It’s always been human nature for people to form tight mini-communities around work, interests and passions. Only now we have social media to form virtual communities that can reach around the world. Sharing user-generated content (UGC) is a form of community, part of the way we connect with each other through shared experiences with a brand’s products or services.

People are in fact twice as likely to share UGC, and yet brands are still out of sync with consumers when it comes to leveraging trends in this area. According to reporting from Adweek, 85% of users surveyed find visual UGC more influential than brand-generated photos or videos, yet only 65% of brands actually agree.

What about the brands that are actually leveraging UGC campaigns? While 50% of users want some guidelines for creating UGC, only 16% of brands provide them. That leaves users with vague ideas and uncertainty about what to create, and leaves untapped marketing potential on the table.

The engagement potential and cost effectiveness of UGC can make it a powerful tool for brands. For example, Facebook ads with UGC perform better than an average ad, with 300% higher click-through, 50% lower cost-per-click and 50% lower cost per acquisition rates. The combined engagement and significant cost savings can make focusing on UGC a no-brainer for brands big and small.

As brands step into UGC campaigns for the first time, there’s no playbook telling them how to get it just right. It’s easy to get caught up in the excitement and promise of UGC campaigns without knowing what to do next. What should a user-generated content campaign even look like? And how do you entice enough submissions to make a real impact in your marketing efforts and improve your bottom line?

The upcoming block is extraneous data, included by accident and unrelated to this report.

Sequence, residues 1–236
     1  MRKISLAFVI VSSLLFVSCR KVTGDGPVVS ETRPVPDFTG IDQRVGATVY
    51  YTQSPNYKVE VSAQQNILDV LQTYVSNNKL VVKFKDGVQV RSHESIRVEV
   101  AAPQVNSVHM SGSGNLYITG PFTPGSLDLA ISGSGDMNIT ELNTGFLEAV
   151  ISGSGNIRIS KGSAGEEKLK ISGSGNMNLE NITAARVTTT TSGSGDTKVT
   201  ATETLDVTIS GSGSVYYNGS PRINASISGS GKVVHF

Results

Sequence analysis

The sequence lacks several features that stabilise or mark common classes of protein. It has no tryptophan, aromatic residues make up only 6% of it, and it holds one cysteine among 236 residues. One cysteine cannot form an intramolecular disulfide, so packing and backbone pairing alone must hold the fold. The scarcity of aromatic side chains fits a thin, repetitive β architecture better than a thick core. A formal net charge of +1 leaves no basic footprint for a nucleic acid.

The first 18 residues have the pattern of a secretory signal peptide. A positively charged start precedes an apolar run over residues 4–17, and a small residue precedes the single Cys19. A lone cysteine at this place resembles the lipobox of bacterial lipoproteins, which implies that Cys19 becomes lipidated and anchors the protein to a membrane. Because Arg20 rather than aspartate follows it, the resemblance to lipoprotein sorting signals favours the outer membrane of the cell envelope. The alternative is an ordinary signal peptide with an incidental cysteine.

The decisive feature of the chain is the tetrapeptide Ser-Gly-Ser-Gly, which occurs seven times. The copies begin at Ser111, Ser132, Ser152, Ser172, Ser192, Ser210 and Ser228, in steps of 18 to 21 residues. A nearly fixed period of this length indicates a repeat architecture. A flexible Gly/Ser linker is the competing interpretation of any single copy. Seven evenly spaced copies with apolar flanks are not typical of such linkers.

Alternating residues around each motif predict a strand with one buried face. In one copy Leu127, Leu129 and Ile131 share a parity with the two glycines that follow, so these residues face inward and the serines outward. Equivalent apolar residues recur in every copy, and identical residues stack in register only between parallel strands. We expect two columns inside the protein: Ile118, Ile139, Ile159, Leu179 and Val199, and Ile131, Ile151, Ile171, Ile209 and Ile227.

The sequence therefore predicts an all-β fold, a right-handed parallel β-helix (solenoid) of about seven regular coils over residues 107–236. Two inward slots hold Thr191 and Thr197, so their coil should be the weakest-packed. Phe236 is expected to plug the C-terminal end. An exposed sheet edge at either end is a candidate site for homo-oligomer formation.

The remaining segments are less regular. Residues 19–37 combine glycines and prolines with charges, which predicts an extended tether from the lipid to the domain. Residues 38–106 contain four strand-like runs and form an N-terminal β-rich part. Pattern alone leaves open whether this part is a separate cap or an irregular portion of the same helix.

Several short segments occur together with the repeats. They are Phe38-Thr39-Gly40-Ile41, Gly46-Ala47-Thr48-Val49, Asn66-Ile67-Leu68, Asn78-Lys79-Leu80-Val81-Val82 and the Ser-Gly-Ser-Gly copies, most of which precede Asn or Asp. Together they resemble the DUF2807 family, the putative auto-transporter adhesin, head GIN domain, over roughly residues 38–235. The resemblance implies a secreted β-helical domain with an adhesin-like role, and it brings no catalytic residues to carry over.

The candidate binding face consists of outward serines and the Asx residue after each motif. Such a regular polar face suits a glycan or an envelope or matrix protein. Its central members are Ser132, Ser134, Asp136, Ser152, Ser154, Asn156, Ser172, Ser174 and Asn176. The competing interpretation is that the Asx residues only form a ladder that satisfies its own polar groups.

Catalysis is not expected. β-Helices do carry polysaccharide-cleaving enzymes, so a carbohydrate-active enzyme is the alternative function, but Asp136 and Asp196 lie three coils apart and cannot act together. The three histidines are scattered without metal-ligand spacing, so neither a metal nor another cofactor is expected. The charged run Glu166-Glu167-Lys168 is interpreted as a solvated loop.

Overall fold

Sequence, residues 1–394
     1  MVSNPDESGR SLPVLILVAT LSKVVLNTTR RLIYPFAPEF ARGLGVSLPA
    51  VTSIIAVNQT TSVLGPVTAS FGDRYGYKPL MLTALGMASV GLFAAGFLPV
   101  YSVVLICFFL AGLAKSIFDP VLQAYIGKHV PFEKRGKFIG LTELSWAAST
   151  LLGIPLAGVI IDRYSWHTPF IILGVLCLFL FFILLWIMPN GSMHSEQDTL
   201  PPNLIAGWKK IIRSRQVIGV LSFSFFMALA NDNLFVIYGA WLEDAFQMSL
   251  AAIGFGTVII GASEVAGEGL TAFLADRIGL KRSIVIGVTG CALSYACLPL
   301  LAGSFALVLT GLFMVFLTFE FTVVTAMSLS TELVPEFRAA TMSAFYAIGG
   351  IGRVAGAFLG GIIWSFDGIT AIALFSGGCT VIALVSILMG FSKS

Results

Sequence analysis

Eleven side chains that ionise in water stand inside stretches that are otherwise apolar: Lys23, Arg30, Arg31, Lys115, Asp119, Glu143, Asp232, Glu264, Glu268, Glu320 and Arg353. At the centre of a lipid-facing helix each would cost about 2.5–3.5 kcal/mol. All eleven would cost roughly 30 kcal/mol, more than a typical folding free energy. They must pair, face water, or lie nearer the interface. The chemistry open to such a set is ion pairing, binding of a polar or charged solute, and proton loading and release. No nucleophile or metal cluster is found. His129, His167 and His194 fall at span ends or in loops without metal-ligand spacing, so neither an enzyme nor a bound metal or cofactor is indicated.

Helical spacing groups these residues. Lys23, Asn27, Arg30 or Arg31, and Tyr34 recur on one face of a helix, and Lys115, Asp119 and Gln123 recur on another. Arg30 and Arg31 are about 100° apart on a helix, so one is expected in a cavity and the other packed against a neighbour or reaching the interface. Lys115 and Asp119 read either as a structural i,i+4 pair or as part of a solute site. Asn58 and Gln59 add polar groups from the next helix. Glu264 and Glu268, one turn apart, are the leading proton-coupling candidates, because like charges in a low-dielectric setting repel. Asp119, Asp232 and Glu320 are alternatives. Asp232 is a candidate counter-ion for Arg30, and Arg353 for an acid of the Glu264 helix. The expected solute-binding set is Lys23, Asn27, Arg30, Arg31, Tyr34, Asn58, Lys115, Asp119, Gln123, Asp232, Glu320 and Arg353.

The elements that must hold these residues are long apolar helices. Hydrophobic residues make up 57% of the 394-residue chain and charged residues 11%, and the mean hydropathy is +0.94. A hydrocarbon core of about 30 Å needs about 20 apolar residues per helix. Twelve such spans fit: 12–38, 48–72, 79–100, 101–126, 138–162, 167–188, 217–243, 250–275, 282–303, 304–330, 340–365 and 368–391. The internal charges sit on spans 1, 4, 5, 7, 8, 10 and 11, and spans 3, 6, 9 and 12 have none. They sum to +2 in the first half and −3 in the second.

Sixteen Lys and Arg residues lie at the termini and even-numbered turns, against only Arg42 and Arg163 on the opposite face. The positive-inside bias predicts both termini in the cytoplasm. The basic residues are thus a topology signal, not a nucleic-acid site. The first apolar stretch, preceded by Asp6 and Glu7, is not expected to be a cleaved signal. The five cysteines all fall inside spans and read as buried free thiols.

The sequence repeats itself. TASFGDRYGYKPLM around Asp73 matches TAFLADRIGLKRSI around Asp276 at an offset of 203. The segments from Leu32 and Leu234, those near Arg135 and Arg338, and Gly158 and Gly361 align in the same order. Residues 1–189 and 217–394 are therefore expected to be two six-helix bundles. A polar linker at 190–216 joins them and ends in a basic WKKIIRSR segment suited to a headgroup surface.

Take a cue from some of the brands rocking user-generated content, from Loews to Mint. They’ve figured out how to get loyal followers to provide UGC most brands can only dream of. Here are seven great examples of UGC to help inspire your next campaign.

1. Loews Hotels “Travel for Real”

Instead of hiring well-seasoned commercial actors to portray happy hotel guests, Loews used photos of actual guests instead. The hotel group started the process by looking through Instagram photos that their guests had already shared, relevant hashtags, and location tags to narrow the results.

The guest-fueled inspiration turned into the #TravelForReal campaign. Real travelers shared shots of different Loews properties to capture the essence of each hotel.

Kick back, relax and enjoy the Loews view. #TravelForReal #LoewsChicago #ChicagoSkyline (?: @andrewmkane)

A post shared by Loews Hotels (@loewshotels) on

The end result is social proof that forges an emotional connection. Future guests can see exactly what they’re getting without any tricks or embellishments from a professional photo shoot. They’re getting a glimpse of what their actual vacation could look like.

CMX - Loweshotels Instagram
Image source: Loweshotels Instagram

But Lowes didn’t just stop at sharing the photos or giving them recognition on Instagram. The photos are being collected and used by Loews on their own website, Facebook Page and other social media outlets with the framework, “Nobody tells our story better than you.” Loews credits each photo to the photographer in part so that future guests can click through and see that they came from a real person with other photos beyond those taken at a Loews property.

Key Takeaways